"It profits me but little that a vigilant authority always protects the tranquillity of my pleasures and constantly averts all dangers from my path, without my care or concern, if this same authority is the absolute master of my liberty and my life."

--Alexis de Tocqueville, Democracy in America

Tuesday, November 5, 2013

A Fundamentally Dishonest Presidency

Marc Thiessen in the Washington Post today:

It’s not easy to get a lie into a presidential speech. Every draft address is circulated to the White House senior staff and key Cabinet officials in something called the “staffing process.” Every line is reviewed by dozens of senior officials, who offer comments and factual corrections. During this process, it turns out, some of Obama’s policy advisers objected to the “you can keep your plan” pledge, pointing out that it was untrue. But it stayed in the speech. That does not happen by accident. It requires a willful intent to deceive....  
This whole episode is a window into a fundamentally dishonest presidency. And the story gets worse. After Obama began telling Americans they could keep their plans, White House aides discussed using media interviews “to explain the nuances of the succinct line in his stump speeches.” But they decided not to do so, because “officials worried . . . that delving into details such as the small number of people who might lose insurance could be confusing and would clutter the president’s message.”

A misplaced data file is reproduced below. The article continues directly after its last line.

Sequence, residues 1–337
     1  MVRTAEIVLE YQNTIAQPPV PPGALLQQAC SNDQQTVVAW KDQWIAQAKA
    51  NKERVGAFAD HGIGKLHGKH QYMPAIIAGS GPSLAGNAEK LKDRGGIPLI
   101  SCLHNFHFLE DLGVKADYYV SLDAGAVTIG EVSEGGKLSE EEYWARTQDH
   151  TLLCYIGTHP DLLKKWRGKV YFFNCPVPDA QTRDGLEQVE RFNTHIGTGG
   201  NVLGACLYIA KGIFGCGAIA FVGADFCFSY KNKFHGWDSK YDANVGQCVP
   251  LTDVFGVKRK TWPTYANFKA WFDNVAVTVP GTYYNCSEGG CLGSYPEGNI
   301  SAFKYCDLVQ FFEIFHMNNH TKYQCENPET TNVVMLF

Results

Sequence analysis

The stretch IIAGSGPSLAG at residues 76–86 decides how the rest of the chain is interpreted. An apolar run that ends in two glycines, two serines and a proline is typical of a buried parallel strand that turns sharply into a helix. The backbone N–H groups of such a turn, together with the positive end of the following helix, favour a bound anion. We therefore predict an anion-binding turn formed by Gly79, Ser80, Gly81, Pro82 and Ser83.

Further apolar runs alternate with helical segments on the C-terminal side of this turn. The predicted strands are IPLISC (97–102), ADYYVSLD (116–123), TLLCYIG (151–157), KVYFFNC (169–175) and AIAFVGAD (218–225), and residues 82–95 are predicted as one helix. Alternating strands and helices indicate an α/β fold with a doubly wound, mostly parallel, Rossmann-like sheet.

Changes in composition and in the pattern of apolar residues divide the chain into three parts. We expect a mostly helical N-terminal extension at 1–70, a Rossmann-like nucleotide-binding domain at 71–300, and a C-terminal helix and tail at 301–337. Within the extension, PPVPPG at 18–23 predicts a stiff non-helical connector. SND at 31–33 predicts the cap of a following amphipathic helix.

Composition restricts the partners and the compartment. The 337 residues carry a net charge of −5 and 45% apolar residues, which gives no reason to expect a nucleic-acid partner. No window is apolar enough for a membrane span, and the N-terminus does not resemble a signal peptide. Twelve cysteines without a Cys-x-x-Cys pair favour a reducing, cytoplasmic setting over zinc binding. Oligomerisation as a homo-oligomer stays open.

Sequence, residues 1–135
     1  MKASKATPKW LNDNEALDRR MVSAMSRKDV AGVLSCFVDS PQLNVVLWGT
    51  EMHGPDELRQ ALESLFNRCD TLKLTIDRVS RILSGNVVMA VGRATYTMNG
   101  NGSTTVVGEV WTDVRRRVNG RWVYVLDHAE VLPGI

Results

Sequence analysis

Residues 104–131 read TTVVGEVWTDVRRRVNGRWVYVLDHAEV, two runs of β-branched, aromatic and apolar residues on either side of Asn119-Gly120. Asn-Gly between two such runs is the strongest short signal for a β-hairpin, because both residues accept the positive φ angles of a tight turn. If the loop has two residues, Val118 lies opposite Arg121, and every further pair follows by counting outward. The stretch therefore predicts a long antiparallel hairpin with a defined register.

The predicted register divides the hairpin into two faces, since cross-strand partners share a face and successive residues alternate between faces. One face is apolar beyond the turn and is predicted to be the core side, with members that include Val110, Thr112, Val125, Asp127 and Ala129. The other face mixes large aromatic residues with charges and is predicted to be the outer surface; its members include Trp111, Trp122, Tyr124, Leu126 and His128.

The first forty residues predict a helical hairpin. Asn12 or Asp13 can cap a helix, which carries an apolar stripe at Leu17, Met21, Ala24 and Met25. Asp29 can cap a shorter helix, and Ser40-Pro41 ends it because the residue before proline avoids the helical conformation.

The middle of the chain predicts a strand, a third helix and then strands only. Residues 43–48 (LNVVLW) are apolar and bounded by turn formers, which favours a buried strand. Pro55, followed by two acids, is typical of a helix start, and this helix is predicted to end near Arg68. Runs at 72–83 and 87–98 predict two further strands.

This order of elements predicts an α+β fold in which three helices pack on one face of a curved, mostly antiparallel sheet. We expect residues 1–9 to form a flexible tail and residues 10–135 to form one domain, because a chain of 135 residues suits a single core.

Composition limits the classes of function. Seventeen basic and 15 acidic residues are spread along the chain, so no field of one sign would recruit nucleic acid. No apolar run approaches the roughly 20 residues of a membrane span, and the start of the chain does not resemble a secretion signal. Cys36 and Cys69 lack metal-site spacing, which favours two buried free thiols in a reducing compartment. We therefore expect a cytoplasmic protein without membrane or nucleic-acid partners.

Yes, no need to “clutter” the president’s message with confusing details — like the fact that millions of Americans being told by the president that they could keep their plans were being knowingly misled.

When all you want is power, when all you want is to win elections, when all you want is to maintain your jobs in Washington, and your paychecks, and your opportunity to parlay your government service into riches on Wall Street or K Street or into book deals or speaking fees... well, then, what is truth?   Things you say are just means to an end.   Untruths at the service of the party are not just justifiable, but high-five-able.  

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